Drop 'public' not 'var'!

Bikeshedding time!

A PHP RFC vote has started to deprecate the var keyword in PHP 7.1 and remove it in PHP 8. At the time of writing, there 23 who say it should be removed, and 18 who say it should not.

I suspect that most people in the “no” camp, feel that way about var because

  • There’s not a big maintenance burden or overhead to keep var.
  • They feel that it will break BC, with no strong benefit.

The “yes” camp feel mainly feels that it makes the language a bit cleaner.

I’d like to offer a different opinion: I think people should be using var instead of public. I realize that this is as controversial as tabs vs. spaces (as in: it doesn’t really matter but conjures heated discusssions), but hear me out!

Over the last year I’ve been going through all my open source projects, and I’ve been removing all the public declarations where this was possible.

This means that if my class first looked like this:


class ImConformist {

    static public $prop1;
    final public $prop2;

    public function __construct() {


    public function getFoo() {


    public function setFoo(Foo $foo) {


    abstract public function implementMe();

    final public function dontTouchMe() {


    static public function iShouldntBeHere() {



Now, I write it like this:


class HateGenerator {

    static $prop1;
    final $prop2;

    function __construct() {


    function getFoo() {


    function setFoo(Foo $foo) {


    abstract function implementMe();

    final function dontTouchMe() {


    static function iShouldntBeHere() {



This change has generated interesting responses. A lot of people think it’s ugly. Some think I should just follow PSR-2. I also heard from a whole bunch that weren’t aware that ommitting public actually has no effect on your code!

Yes, public is completely optional. public is the default, so adding it does nothing to your code.

Actually, it does do something. It makes your lines longer! Typically when someone has to read your source and figure out what a class is doing, it will take them slightly longer to read the method signatures.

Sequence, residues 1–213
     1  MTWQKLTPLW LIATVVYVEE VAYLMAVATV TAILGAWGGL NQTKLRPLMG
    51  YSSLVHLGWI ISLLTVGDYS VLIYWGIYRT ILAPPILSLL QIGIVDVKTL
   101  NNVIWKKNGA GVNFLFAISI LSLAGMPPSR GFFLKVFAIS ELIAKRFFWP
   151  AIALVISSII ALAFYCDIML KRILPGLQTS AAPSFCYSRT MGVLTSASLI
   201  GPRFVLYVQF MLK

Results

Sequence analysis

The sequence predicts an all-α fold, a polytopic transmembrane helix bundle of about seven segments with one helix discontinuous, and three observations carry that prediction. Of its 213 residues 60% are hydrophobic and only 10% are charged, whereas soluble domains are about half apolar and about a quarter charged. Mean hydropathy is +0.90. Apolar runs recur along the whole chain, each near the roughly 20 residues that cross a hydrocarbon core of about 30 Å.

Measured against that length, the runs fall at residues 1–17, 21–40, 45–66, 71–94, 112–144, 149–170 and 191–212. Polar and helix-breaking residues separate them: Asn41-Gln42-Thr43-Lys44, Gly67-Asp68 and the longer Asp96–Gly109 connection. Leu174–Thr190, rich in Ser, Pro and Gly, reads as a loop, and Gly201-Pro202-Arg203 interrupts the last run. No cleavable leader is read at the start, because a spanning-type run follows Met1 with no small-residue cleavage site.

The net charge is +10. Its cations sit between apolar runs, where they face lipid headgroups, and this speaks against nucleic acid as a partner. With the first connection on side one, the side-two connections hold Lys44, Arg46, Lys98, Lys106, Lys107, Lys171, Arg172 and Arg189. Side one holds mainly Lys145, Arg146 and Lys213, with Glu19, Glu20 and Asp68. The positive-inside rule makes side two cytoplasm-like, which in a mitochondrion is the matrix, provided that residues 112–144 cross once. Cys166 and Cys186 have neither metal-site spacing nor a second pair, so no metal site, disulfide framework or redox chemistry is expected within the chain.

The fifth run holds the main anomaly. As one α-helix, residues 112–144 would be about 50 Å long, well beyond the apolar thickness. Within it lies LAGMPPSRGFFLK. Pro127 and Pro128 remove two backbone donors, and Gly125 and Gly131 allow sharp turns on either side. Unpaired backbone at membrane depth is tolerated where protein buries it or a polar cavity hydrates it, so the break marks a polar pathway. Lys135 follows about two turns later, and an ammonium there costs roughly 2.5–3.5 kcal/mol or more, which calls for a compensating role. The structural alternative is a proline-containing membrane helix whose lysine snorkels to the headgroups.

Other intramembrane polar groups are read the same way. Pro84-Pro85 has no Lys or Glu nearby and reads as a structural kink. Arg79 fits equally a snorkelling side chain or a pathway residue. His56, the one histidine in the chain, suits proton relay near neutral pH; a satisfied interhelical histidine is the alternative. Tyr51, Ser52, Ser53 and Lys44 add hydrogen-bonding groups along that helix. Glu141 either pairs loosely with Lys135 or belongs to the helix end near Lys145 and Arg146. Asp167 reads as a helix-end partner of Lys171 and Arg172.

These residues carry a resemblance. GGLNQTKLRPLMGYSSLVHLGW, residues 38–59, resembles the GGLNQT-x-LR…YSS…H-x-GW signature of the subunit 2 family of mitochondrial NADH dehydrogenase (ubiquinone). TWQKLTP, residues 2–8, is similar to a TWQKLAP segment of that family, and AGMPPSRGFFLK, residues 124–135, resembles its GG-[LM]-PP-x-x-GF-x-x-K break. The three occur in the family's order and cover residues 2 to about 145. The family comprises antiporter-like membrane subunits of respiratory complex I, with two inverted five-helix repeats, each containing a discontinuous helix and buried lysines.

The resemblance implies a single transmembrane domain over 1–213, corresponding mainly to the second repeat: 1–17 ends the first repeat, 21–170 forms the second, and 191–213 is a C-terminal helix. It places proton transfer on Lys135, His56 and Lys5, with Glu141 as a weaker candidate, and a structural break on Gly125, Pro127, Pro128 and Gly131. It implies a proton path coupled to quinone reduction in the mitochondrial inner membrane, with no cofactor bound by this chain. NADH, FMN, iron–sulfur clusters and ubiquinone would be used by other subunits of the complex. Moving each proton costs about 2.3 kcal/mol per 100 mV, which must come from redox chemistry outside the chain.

So there’s a small mental tax for a human to read and intereprete the entire line. It’s generally accepted that shorter lines are better, and when ‘scanning’ a file from top to bottom, it’s better that the important keywords (the name of the function) are closer to the left-edge of the screen.

That’s my main argument for dropping the public keyword where possible. I believe that the people who are against it, generally fall in three camps:

#1: Everyone doing the same thing is good

This is the conformist argument, and the best one. There is definitely a case to be made that if most PHP code-based look similar, it is easier for new maintainers to get a jump start in the project.

I suspect that these people are also the most likely to use PSR-2 when they can.

I think it’s good to be similar, but then, I think it’s also good to sometimes break the mold and do something new. If we always keep doing things the same way, we never progress. Being consistent is good, but it’s also good to be open to change, especially if that change has real benefits.

#2: It’s ugly!

The aesthetics argument! It’s not an invalid one. I care quite a bit about how my source ‘looks’. I’m an “API over Implemenation” guy, and I think the aesthetics of your source influence the ease of how someone can start using it.

The case I want to present to you today though is that you think it’s ugly, because it’s foreign to you. I felt the same way at first, and found out pretty quickly that I got used to the new status quo and as soon as I lost my earlier biases, the new way actually feels a lot more natural now.